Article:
However, traditionally Dzogchen is transmitted through Nyingma.
Kagyu lineage keeps Mahamudra transmission. :namaste:


There a terma lineages of Dzogchen in the Kagyu tradition. For example Yangzab and the Karma Nyingthig.

/magnus
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Re: Tulpas

Postby Simon E. » Wed Mar 06, 2013 7:28 pm

Dronma wrote:
Namgyal wrote:
Dronma wrote:there is only Buddhist Dzogchen (Nyingma), and Bon Dzogchen.

...and Buddhist Dzogchen (Kagyu) :smile:


There are Dzogchenpas in all lineages of Tibetan Buddhism!
However, traditionally Dzogchen is transmitted through Nyingma.
Kagyu lineage keeps Mahamudra transmission. :namaste:


That would be news to ( among others ) the Kagyu Dzogchen teacher Ponlop Rinpoche.

:namaste:
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Re: Tulpas

Postby Yudron » Wed Mar 06, 2013 10:18 pm

Simon E. wrote:That would be news to ( among others ) the Kagyu Dzogchen teacher Ponlop Rinpoche.

:namaste:



Some scholars say that termas are by definition Nyingma--even if promulgated by lamas outside the Nyingma lineage. So even a Karmapa's termas are Nyingma. Dzogchen is usually taught via terma literature these days. If we have faith that the Dzogchen tantras are from India, then the Nyingma lineage holds this as part of the Kama, and the Kagyu lamas who hold it have received it in a line that can be traced back to a Nyingma lama. It would be a good question for Ponlop RInpoche or Garchen Rinpoche, etc... how they view that.
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Re: Tulpas

Postby Dronma » Wed Mar 06, 2013 10:34 pm

Simon E. wrote:That would be news to ( among others ) the Kagyu Dzogchen teacher Ponlop Rinpoche.

:namaste:


As I already said, there are Dzogchenpas in all lineages of Tibetan Buddhism! :namaste:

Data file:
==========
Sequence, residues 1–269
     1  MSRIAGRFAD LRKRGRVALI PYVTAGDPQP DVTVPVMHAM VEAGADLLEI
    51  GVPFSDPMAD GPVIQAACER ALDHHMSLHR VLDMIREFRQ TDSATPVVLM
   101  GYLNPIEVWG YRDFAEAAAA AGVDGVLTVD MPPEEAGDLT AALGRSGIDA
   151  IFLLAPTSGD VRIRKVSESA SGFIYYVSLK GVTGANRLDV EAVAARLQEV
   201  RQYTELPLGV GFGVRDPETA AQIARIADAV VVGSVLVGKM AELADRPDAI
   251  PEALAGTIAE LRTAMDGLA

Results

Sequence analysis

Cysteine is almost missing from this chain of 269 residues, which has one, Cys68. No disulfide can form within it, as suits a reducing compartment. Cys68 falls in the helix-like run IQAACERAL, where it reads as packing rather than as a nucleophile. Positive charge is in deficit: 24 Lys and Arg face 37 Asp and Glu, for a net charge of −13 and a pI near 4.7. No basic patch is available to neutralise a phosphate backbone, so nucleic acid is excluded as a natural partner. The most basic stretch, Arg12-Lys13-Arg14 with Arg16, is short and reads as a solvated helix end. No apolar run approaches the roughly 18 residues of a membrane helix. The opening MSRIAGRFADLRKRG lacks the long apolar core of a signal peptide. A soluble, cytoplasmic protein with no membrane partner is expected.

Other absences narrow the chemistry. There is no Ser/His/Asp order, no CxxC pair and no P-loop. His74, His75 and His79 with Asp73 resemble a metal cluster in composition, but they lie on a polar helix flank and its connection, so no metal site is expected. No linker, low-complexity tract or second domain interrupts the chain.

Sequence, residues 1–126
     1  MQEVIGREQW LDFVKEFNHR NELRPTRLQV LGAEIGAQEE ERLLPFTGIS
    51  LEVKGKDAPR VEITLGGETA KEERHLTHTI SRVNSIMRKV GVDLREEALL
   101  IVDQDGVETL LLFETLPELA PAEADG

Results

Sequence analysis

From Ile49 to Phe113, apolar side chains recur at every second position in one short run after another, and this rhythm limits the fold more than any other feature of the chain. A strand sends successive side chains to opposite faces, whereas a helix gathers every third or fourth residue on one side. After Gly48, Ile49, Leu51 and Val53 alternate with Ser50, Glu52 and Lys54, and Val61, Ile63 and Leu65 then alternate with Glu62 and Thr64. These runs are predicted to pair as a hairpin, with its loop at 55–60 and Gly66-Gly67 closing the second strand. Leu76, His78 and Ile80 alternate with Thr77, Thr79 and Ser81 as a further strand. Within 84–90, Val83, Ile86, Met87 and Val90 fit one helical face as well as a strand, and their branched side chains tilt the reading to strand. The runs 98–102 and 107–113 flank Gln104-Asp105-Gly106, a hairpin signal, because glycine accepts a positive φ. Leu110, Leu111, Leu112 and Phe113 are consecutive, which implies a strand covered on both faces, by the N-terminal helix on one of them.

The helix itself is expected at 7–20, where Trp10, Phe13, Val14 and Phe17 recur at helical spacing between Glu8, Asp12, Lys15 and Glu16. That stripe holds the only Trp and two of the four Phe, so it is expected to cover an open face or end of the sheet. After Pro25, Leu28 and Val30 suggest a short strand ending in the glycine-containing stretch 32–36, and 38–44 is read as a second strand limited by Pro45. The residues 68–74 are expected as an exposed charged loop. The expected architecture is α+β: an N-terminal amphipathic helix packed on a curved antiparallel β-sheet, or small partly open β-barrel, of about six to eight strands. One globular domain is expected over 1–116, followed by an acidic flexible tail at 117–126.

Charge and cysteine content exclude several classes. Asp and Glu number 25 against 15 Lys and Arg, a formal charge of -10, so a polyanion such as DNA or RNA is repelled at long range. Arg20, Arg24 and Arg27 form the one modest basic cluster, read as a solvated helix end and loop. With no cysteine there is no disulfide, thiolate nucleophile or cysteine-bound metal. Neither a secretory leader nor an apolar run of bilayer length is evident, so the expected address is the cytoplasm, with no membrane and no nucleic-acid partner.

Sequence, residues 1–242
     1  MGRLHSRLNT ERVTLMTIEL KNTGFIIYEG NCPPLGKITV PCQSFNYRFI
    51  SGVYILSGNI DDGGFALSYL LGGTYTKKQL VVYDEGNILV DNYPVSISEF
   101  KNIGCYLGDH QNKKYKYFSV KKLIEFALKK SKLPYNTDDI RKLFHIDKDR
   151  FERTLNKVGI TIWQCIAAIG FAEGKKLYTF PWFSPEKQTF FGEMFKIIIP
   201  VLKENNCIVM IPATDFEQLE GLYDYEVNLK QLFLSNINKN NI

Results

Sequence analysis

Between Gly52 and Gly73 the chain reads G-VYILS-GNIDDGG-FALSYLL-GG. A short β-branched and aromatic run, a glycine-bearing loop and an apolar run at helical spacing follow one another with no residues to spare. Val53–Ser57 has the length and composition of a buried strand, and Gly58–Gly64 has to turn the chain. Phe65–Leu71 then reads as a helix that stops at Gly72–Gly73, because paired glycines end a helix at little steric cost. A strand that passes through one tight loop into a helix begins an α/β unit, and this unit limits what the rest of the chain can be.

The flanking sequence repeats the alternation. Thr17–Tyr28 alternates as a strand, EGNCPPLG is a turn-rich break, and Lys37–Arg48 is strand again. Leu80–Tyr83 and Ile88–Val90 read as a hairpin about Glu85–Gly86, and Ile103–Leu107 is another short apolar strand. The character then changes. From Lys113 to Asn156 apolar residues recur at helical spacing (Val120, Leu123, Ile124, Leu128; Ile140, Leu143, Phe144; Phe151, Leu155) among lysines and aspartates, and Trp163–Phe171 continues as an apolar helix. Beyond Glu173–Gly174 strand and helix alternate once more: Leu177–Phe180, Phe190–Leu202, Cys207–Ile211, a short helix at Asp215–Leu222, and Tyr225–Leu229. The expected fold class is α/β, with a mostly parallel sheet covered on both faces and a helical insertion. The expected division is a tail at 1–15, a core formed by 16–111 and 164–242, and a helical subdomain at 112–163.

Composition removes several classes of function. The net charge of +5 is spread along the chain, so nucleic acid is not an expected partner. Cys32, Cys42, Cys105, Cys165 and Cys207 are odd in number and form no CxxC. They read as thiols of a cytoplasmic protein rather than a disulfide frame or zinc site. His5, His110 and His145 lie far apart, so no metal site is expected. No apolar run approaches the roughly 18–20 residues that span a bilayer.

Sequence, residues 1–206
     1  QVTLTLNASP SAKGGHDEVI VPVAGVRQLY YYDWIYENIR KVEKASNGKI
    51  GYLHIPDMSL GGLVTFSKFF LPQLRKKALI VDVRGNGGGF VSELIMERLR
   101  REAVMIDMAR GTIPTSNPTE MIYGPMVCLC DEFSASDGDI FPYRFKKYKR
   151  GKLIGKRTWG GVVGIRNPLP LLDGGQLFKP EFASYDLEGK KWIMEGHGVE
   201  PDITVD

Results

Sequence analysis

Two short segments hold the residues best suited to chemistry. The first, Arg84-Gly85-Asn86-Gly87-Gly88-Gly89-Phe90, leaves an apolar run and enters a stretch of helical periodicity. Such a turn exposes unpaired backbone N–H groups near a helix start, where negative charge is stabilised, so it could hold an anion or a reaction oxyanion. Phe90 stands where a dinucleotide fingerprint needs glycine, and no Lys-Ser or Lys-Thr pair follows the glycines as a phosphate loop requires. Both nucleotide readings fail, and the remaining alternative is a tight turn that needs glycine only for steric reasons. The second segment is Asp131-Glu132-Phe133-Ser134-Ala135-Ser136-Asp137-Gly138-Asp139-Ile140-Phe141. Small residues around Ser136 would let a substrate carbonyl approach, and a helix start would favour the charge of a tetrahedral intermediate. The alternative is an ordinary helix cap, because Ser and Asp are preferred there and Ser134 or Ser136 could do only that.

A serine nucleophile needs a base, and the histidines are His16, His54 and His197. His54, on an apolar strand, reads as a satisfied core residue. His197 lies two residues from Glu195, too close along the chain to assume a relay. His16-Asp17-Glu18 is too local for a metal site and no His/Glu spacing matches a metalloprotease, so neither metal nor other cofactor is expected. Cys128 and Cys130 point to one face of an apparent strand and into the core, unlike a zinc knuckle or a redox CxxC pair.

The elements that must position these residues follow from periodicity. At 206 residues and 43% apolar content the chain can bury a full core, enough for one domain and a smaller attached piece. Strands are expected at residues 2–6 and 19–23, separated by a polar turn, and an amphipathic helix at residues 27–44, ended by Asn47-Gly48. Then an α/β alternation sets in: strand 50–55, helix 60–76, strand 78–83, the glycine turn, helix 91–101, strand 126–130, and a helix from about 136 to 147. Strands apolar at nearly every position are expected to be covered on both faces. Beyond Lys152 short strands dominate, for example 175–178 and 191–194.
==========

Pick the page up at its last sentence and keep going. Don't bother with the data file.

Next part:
A few brilliant examples are: the Third Karmapa, Rangjung Dorje (Kagyu), The Fifth, Thirteenth, and Fourteenth Dalai Lamas (Gelug).
However, focusing our concern too much in the lineages, it can be a big obstacle for the practice of Dzogchen itself.



“The Dzogchen teachings are neither a philosophy, nor a religious doctrine, nor a cultural tradition. Understanding the message of the teachings means discovering one’s own true condition stripped of all the self-deceptions and falsifications which the mind creates. The very meaning of the Tibetan term “Dzogchen”, or “Great Perfection”, refers to the true primordial state of every individual and not to any transcendent reality.
Dzogchen is not a school or sect, or a religious system. It is simply a state of knowledge which masters have transmitted beyond any limits of sect or monastic tradition. In the lineage of the Dzogchen teachings there have been masters belonging to all social classes, including farmers, nomads, nobles, monks and great religious figures, from every spiritual tradition or sect.
Dzogchen does not depend on externals; rather it is a teaching about the essentials of the human condition. Since the Dzogchen teachings are not dependent on culture, they can be taught, understood and practiced in any cultural context. To be a practitioner of Dzogchen, one does not need to change anything externally – one’s clothes, one’s job or one’s way of life.